Of course some people will decide to hold the ETFs inherited from their parents and others will sell them. The key point is that it will not be a selling tsunami.

For the last twenty years, Japanese tax policy has mostly wrestled with direct tax versus indirect tax, or income tax versus consumption tax. That's no longer the case. For Japanese households today, the inheritance tax is the biggest issue. Recall that 1 in 4 Japanese is already over the age of 65 and may they live long time! But everybody wants to ensure a generational transfer of assets.

If this strategy is announced in the Olympic year, it will be a big boon. The impact on supply and demand in the stock market would be zero. Global asset allocators and everybody would like it.

In my opinion, this must happen while Mr. Kuroda is the Governor of BOJ. He came from MOF, after all, and presumably could help persuade his former colleagues to go along with the new policy.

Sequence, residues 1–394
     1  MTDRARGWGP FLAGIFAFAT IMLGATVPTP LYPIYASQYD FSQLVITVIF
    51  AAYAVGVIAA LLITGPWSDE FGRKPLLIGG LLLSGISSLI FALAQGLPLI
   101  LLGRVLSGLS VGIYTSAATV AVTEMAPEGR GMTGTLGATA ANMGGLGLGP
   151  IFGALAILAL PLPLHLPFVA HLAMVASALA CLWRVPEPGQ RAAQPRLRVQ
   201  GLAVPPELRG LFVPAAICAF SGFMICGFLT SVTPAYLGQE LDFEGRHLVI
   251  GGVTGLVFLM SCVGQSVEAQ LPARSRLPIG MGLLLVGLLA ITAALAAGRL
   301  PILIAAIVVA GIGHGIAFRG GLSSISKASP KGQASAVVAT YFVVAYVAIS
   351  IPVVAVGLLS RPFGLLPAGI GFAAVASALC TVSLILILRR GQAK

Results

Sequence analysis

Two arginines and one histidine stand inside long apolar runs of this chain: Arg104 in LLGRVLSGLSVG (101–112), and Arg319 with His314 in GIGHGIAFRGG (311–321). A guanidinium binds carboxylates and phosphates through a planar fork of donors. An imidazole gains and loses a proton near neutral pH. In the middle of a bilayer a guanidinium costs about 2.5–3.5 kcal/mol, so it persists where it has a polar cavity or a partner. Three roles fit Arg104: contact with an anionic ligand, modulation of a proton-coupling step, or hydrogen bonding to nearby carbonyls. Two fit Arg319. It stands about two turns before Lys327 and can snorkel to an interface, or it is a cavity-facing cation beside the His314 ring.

IJ:

Thank you very much.

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Jesper Koll

Jesper Koll has been researching and investing in Japan since becoming a resident in 1986. On July 1, 2015 he was appointed Chief Executive Officer of WisdomTree Japan K.K. For the previous two decades Jesper served as the Managing Director of Research and Chief Strategist for major U.S. Investment banks - J.P. Morgan and Merrill Lynch. His analysis and insights have earned him a position on several Japanese government- and corporate advisory committees. Jesper is one of the few non-Japanese members of the Keizai Doyukai, the Japan Association of Corporate Executives. He has written three books in Japanese, “Japan’s Economy – The Envy of the World (2017)”, “The End of Heisei Deflation (2001)”and “Towards a New Japanese Golden Age (1999)”.

After arriving in Japan in 1986 Jesper initially worked as an aide to a Member of Parliament. Jesper has a Masters degree from the School of Advanced and International Studies at Johns Hopkins University and was a research fellow at both Tokyo University and Kyoto University. He is a graduate of the United World College Lester B. Pearson of the Pacific.